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Chanie Rosenberg

This New Season

(April 1974)

From International Socialism (1st series), No.68, April 1974, p.29.
Transcribed & marked up by Einde O’ Callaghan for the Encyclopaedia of Trotskyism On-Line (ETOL).

This New Season – Our Class, Our Schools, Our World
Chris Searle
Calder and Boyars, £2.60 (hard cover)/85p (paperback).

ALL SORTS OF FRESH elements add their voices of protest as the working-class struggle rises. Their awakening pushes forward individuals who perform the double role of giving expression to the unrest which may be dormant or diverted, and helping it to find its own special identity and form of struggle.

Chris Searle helps East End children discover themselves as part of the East End working class community, and takes them on their first steps towards being people ‘sticking up for their rights’. And he does so in a unique way – through the children’s poetry.

The exciting aspect of the children’s poetry is the unity it forges of the material with the spiritual – of the sadness and bondage of East End life with the sensitive exposure of it, and of the hopes, yearnings and dreams of those who live it – which is the very stuff of poetry. It is the very same cry as waved from the banner of young textile strikers in Massachusetts in 1912: ‘We want bread – and roses too’.

Each page of the book breathes the extension of the child writer’s feelings beyond his own self, binding him to others. On opening the book at random, we find a first child stepping into the minds of others:

Looking at people
Thinking what they are thinking,
Is it troubles she or he is thinking about,
Or is it children?
Maybe it’s a drunken husband,
Is she thinking ‘What nice people’,
Or how right they are or wicked
and how the children look.
Or is she thinking ‘I wonder how my children are’.
Or the men thinking ‘Is my wife left me
or is she in the pub as usual.’
NO ONE knows
NO ONE WANTS to know.

Marion, 11

A second breaks the barrier of feeling towards old age:

I am old and frightened
in this darkened world
I’m shut behind bars
Still, I’ve had my day ...
Yes I remember when I was a girl
with fancy clothes and a man by my side,
He has gone now, he was a man, a great man,
He’s left me now
it will be my day soon,
Here today and gone tomorrow.

Margaret, 12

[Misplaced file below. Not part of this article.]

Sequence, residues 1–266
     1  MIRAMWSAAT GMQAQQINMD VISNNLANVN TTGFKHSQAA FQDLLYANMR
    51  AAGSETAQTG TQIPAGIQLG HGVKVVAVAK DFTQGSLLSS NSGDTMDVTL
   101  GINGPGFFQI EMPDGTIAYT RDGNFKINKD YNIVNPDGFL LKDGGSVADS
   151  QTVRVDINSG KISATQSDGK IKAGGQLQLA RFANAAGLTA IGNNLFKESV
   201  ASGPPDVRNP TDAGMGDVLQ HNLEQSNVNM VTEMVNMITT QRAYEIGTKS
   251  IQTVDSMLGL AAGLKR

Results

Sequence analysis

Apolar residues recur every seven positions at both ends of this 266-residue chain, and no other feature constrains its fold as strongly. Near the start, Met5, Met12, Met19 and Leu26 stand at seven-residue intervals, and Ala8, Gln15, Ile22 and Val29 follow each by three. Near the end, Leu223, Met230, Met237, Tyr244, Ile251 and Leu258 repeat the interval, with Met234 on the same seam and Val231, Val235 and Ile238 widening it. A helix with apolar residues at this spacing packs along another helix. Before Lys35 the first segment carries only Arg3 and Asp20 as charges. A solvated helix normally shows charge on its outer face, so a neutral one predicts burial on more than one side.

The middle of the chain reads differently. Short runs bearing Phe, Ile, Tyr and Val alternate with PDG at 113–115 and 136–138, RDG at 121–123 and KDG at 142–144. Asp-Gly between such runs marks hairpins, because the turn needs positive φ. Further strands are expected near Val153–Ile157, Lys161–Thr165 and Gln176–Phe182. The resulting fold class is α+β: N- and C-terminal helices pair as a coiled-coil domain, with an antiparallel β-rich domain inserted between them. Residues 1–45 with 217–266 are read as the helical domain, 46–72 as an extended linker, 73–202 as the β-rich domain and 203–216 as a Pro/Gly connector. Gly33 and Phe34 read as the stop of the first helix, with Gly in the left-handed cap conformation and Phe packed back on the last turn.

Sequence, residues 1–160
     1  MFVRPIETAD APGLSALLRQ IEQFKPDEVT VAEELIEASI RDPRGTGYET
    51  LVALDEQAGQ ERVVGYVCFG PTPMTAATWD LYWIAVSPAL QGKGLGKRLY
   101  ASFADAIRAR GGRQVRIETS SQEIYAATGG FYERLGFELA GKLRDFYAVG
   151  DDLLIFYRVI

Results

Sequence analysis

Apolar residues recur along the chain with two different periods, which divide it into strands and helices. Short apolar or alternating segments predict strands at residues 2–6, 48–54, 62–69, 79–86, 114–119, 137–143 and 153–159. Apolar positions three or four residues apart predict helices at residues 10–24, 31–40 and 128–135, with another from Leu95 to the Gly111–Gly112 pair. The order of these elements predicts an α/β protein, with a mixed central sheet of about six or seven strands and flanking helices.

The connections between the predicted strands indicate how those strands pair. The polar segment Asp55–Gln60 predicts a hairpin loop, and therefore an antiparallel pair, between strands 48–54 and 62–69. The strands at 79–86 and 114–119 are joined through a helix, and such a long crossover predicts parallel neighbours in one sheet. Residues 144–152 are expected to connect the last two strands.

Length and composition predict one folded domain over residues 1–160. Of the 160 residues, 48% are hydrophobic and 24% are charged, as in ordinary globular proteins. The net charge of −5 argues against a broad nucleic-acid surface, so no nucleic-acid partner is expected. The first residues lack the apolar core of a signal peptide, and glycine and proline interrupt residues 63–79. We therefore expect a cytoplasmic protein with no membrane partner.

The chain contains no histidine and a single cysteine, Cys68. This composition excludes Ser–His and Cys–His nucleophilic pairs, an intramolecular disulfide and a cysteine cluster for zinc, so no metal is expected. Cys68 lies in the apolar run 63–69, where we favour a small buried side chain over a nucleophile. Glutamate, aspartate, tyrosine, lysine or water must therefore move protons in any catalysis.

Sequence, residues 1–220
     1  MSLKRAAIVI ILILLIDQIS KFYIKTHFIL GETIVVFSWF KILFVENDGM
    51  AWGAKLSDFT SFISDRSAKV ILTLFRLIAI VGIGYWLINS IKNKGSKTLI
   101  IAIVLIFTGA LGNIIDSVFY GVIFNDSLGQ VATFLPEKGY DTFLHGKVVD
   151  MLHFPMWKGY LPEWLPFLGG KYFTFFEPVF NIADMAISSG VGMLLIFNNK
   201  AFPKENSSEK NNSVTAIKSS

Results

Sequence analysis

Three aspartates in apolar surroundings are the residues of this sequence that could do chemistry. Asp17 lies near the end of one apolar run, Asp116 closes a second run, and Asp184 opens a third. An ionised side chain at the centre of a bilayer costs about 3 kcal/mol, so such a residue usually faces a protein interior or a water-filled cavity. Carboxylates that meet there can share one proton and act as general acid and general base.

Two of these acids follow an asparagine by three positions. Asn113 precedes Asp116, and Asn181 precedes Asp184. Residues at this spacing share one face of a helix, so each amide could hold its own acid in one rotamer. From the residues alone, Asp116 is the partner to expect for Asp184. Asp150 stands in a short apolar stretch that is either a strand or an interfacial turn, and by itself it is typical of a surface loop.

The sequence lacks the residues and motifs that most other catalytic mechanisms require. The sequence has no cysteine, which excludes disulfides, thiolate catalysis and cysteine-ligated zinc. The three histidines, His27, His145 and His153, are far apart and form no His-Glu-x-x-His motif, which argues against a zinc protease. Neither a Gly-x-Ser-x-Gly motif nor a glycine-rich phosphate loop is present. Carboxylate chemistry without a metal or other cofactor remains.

Among Paki-bashing gangs of youngsters a 12-year-old white boy can be drawn to solidarity by putting himself in imagination into a Pakistani’s place:

I am just a Pakystani Boy
No one likes me
When I think of all the boys playing
I wish they would let me play
But no, they put their fingers over their noses
And say go away.
I wish that I wasn’t born
I wish I was in Pakystan choping corn
It would be great
I would play till very late.

Charlie, 12

This book is the result of a couple of years of Chris Searle’s work as a teacher in an East End school – during which time he was suspended and victimised by the stuffy, alien bigwigs who impose the school ethos for publishing Stepney Words, a book of the children’s poetry. It is not easily laid aside. It raises deep and intimate questions as to what makes a working-class community tick. In the atmosphere of general oppression, why do some of its members sink to finding individual solutions up the social scale or down it, while others seek the socialist solution of a united working class struggle, how does racial prejudice fit in and so on.

Searle devotes his generous energies to helping children, by expressing themselves freely, to develop as fighters for a better world. His own outlook is unequivocal: ‘A working-class child can either become mindful of the hierarchy and start climbing, or accept his position and be endlessly exploited, endlessly consumed. The only other alternative is struggle.’ It is his exposure of the factors which enable them to become socialist fighters which gives the book its lasting value.